The Effectiveness of Amendments in Promoting Hydric Soil Conditions in Mitigation Wetlands – Phase II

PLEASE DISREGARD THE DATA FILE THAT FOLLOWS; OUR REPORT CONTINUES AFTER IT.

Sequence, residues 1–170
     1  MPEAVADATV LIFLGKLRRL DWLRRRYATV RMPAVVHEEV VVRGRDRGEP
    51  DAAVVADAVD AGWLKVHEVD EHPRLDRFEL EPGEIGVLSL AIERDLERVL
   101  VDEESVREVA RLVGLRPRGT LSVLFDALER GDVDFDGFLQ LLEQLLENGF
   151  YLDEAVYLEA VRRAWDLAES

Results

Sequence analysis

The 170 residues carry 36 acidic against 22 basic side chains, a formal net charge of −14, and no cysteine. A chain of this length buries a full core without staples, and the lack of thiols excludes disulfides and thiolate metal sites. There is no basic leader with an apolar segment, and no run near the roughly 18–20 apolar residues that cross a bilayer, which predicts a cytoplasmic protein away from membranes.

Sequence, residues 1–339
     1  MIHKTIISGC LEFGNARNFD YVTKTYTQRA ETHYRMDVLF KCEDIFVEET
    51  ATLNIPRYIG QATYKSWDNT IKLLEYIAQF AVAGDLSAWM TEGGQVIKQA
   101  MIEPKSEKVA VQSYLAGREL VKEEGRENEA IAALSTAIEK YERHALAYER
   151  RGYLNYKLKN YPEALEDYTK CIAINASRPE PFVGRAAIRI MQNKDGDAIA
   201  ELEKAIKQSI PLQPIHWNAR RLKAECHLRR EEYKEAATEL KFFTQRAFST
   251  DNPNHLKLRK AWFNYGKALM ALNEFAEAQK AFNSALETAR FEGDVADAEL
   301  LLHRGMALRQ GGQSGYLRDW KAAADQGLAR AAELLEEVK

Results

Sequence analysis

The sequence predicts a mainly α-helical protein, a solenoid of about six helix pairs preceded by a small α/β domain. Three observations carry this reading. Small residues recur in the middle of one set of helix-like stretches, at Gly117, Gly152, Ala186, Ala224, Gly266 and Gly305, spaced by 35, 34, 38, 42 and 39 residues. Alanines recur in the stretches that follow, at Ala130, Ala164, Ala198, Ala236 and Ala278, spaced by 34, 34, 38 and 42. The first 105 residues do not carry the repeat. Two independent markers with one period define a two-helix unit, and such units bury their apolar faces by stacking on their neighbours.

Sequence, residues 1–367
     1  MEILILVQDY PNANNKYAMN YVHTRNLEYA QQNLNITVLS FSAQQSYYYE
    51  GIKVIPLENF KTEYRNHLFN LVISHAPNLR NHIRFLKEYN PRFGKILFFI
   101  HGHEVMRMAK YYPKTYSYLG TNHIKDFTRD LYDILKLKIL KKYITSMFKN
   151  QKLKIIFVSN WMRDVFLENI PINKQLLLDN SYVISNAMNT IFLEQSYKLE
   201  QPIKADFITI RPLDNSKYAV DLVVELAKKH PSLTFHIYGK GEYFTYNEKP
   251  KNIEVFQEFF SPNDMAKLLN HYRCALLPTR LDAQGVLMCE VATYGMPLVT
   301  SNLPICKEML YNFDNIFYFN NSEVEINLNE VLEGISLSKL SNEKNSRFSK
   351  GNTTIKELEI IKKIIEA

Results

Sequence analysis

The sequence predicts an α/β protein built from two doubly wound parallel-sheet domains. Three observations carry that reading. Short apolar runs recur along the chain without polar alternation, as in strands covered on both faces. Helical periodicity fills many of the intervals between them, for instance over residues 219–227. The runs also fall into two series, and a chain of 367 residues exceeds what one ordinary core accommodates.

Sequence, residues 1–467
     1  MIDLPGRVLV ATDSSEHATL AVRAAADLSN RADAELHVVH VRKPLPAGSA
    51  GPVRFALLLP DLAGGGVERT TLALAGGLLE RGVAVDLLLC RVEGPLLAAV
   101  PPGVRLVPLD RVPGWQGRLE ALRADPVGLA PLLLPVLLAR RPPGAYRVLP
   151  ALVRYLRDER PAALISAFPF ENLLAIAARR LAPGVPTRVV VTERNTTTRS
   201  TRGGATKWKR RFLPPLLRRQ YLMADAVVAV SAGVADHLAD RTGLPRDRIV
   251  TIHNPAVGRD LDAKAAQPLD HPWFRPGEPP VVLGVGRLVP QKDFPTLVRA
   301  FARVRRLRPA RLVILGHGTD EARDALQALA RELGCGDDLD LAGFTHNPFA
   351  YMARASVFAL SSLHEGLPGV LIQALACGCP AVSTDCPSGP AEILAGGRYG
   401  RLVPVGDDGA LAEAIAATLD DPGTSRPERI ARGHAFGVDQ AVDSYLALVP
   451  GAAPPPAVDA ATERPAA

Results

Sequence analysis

Wetland mitigation is required by Maryland Department of the Environment (MDE) to offset wetland losses due to development. Wetland creation or restoration can also be initiated to promote beneficial hydrological, biogeochemical, and biological functions or ecosystem services. In order to determine if wetland has been successfully established, hydrologic, vegetation and hydric soil indicators must be met. The three methods to demonstrate hydric soils (α,α’-dipyridyl, IRIS tubes, and redox potential) are all measures of microbially mediated iron-reducing conditions. Iron may be a key process in wetland carbon sequestration (Shimizu et al. 2013) and controlling unwanted nitrous oxide and methane emissions (Huang, Yu, and Gambrell 2009). In fiscal year 2019, the research team plans to carry out the field experiment that was originally scheduled for 2018. The general approach in field and laboratory experimentation will be to test the effectiveness of four organic matter amendments: #1 wood mulch that meets the MDOT SHA criteria for Type C compost, # 2 cow manure that meets the MDOT SHA criteria for Type A compost, #3 BLOOM a class A biosolid sourced from DC water, and # 4 switchgrass hay. The research team has obtained samples of #1 and #2 from a local contractor. The switchgrass was harvested in October 2018 from the Central Maryland Research and Education Center in Clarksville, Maryland. After addition of the amendments in field plots, the research team will be monitoring hydric soil indictors (iron-reducing conditions) using the three standard methods listed previously. Additionally, groundwater levels will be monitored in all plots. The research team will also measure microbial growth and respiration to determine the fate of carbon and nitrogen.